clock menu more-arrow no yes

Filed under:

The Ryan Ellis trade is a great piece of business for the Flyers

New, comments

Well in, Chuck. Well in.

Nashville Predators v Carolina Hurricanes Photo by Gregg Forwerck/NHLI via Getty Images

Fourteen years ago, also over the summer (in what would turn out to be a very busy offseason for the Flyers), a trade was made by the Flyers for a veteran Nashville Predators defenseman. For the shrewd price of only a first round pick (who would turn out to be Jonathon Blum, who only played 110 NHL games), the Flyers acquired a defenseman who would become a franchise icon, and who would help lead them all the way to multiple Eastern Conference Finals appearances, and even to a Stanley Cup Final. Of course, the player in question is Kimmo Timonen.

The Flyers will certainly be hoping that their newly acquired defenseman and another former Predator, Ryan Ellis, will have a similar if not greater impact on this hockey club. Better yet, one can even argue the price paid for his services is even shrewder.

Flyers General Manager Chuck Fletcher didn’t even have to part ways with any draft picks in this eventual three-team deal. Ryan Ellis moves to the Flyers as Philippe Myers and Nolan Patrick head to Nashville. Shortly after, Patrick was flipped to Vegas by Nashville for Cody Glass.

It’s a move that almost makes too much sense, but equally, feels unbelievable considering how little the Flyers have ultimately given up to acquire a player who many feel is an elite defenseman in the NHL. It isn’t even borderline whether Ellis is an elite blue-liner in this league, in honesty. His statistical profile backs that up:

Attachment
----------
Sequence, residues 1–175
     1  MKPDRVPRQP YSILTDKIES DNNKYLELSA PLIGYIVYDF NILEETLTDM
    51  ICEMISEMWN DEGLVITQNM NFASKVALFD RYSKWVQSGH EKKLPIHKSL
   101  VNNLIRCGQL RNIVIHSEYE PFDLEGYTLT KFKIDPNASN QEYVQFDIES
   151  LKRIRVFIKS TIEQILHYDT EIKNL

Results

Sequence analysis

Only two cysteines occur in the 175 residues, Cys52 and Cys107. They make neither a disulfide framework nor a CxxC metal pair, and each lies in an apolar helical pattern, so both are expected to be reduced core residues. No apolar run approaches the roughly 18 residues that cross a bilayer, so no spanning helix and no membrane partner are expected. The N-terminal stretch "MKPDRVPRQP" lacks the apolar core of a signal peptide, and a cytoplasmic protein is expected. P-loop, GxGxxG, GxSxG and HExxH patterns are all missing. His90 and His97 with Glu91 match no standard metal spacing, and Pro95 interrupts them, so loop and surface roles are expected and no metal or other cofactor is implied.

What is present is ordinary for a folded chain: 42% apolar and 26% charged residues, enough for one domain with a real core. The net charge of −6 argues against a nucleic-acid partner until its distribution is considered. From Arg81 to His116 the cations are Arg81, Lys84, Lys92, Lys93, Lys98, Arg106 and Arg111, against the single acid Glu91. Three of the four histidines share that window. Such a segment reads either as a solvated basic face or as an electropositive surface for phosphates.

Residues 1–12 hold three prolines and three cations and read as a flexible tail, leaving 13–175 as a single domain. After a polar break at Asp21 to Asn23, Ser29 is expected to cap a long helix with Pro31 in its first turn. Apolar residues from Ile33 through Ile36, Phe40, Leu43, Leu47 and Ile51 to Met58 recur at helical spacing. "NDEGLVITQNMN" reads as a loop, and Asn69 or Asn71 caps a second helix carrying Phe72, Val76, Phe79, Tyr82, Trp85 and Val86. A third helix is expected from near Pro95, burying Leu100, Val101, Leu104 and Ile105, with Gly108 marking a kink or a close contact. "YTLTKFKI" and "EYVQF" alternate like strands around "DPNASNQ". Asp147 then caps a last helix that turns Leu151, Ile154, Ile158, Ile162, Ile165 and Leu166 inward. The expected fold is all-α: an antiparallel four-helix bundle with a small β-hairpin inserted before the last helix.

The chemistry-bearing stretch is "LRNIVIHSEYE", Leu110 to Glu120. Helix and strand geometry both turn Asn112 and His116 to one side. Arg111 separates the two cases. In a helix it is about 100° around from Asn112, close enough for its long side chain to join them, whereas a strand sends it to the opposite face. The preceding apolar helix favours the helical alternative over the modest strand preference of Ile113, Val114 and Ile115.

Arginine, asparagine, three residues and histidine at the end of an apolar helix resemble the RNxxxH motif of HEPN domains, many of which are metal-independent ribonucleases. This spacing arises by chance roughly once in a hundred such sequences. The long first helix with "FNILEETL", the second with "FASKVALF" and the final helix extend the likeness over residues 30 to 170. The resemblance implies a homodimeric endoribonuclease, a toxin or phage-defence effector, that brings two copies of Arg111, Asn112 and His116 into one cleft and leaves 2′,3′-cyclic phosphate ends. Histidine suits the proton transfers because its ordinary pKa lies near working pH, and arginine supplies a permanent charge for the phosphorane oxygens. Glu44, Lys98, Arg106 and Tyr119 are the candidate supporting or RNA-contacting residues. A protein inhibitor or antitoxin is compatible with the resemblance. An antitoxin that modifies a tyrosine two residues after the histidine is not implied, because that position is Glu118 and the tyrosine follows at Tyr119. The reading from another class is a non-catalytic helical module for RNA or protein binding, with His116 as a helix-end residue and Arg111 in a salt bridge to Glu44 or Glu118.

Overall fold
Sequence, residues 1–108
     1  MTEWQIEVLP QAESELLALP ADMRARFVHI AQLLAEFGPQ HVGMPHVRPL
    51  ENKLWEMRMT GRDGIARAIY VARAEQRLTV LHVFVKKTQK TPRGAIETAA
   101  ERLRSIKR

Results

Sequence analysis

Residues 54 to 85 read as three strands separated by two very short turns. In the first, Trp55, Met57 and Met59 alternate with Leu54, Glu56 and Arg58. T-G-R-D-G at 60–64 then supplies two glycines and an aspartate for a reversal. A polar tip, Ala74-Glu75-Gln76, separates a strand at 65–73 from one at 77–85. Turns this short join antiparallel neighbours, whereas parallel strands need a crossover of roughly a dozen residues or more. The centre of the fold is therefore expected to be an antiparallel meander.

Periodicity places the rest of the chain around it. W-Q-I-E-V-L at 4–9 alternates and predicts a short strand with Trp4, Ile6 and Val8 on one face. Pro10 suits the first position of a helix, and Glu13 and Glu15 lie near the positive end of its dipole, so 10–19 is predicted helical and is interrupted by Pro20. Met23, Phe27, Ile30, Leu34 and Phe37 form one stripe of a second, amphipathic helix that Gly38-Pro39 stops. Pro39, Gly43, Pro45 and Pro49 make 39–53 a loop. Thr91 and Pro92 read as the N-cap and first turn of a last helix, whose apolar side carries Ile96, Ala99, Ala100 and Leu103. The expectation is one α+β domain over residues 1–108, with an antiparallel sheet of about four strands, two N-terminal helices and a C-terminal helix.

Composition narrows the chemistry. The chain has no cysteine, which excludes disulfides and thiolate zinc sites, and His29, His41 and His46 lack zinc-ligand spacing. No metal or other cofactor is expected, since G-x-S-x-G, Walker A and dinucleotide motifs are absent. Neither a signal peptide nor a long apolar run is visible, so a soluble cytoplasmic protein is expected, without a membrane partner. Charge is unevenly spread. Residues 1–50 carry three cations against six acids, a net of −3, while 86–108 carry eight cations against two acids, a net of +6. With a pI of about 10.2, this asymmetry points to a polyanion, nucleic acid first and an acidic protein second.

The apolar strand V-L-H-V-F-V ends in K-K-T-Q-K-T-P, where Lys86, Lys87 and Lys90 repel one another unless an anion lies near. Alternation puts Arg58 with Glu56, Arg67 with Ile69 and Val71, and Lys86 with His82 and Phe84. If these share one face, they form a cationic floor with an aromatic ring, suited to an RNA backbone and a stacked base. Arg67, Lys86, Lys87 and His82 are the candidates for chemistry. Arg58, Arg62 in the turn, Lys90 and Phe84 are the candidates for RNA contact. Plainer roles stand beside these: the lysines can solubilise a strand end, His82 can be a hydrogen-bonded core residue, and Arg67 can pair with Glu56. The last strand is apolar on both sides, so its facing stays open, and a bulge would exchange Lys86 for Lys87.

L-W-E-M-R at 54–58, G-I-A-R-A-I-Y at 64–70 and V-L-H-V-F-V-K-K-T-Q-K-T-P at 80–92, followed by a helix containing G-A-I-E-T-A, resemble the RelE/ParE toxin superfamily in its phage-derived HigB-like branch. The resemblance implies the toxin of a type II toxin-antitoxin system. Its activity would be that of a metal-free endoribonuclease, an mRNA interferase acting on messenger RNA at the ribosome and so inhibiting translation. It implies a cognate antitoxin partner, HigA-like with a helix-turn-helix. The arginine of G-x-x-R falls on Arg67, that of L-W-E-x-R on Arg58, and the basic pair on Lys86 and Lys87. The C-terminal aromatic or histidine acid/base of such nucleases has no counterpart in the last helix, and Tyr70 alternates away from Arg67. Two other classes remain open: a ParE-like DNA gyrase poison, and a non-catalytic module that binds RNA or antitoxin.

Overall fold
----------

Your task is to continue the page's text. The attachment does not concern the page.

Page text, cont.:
Additionally, the protection slot in the expansion draft that the Flyers were presumably going to use on Myers can now be used on Ellis. His $6.25 million dollar cap hit contact, which lasts through the 2026-27 season, is also both manageable, and probably under what his actual value would entail (at least for now).

Ellis at RD seems like the perfect partner for Ivan Provorov, both for the Flyers’ immediate future and for Provorov in his long term outlook. Ellis can almost certainly provide the steadiness that Matt Niskanen did on Provorov’s pair, and then some. His elite level, two-way, game should allow Provorov to express himself more offensively, perhaps feel more at ease, not having to worry about mistakes as much. In his press conference after the trade, Fletcher even admitted as much.

Pivoting back, the Flyers get a player of this calibre at a solid cap hit for only two players.

Myers, 24, has a promising future in the NHL. It is an entirely plausible scenario that he becomes a good top four defenseman in the league. However, inconsistency and occasional baffling mistakes left his outlook muddled in the eyes of some. When you want to trade for a player such as Ryan Ellis, you have to give up somebody with a potential future, and for the Predators, they will be hoping that Myers is that player.

As for Nolan Patrick, it was clear that he wasn’t happy in Philadelphia, and it appears the front office was more than happy to move on from him. In the end, he struggled while a Flyer, and his eventual move to Vegas reunites him with Kelly McCrimmon (Vegas’ GM) who coached Patrick in juniors. A change of scenery seems to be exactly what Patrick could need to succeed in the NHL. While his outlook, and probable ceiling, is that of a third line center, he could still carve out a regular slot in a team’s lineup, and we wish Patrick the best.

For two players who can be considered “wild cards”, Chuck Fletcher has really flexed his muscles with this trade. Ellis has obviously yet to play a game in Philadelphia, but this move is a shrewd piece of business by Fletcher and overall is simply an excellent trade from the Flyers’ perspective. The Flyers, in the end, gain an experienced #1 defenseman with the assets given up being a player who they wanted to move on from, and a defenseman with an uncertain future.

Well in, Chuck.